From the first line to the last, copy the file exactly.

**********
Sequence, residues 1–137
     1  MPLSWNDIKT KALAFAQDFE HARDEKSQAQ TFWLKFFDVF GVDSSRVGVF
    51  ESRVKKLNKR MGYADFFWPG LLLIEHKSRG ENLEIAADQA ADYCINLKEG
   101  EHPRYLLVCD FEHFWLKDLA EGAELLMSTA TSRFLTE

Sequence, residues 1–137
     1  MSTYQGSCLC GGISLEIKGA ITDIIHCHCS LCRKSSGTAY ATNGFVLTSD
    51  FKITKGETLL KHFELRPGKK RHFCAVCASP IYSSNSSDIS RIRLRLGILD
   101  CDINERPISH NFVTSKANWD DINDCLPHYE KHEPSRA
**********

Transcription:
Sequence, residues 1–137
     1  MPLSWNDIKT KALAFAQDFE HARDEKSQAQ TFWLKFFDVF GVDSSRVGVF
    51  ESRVKKLNKR MGYADFFWPG LLLIEHKSRG ENLEIAADQA ADYCINLKEG
   101  EHPRYLLVCD FEHFWLKDLA EGAELLMSTA TSRFLTE

Sequence, residues 1–137
     1  MSTYQGSCLC GGISLEIKGA ITDIIHCHCS LCRKSSGTAY ATNGFVLTSD
    51  FKITKGETLL KHFELRPGKK RHFCAVCASP IYSSNSSDIS RIRLRLGILD
   101  CDINERPISH NFVTSKANWD DINDCLPHYE KHEPSRA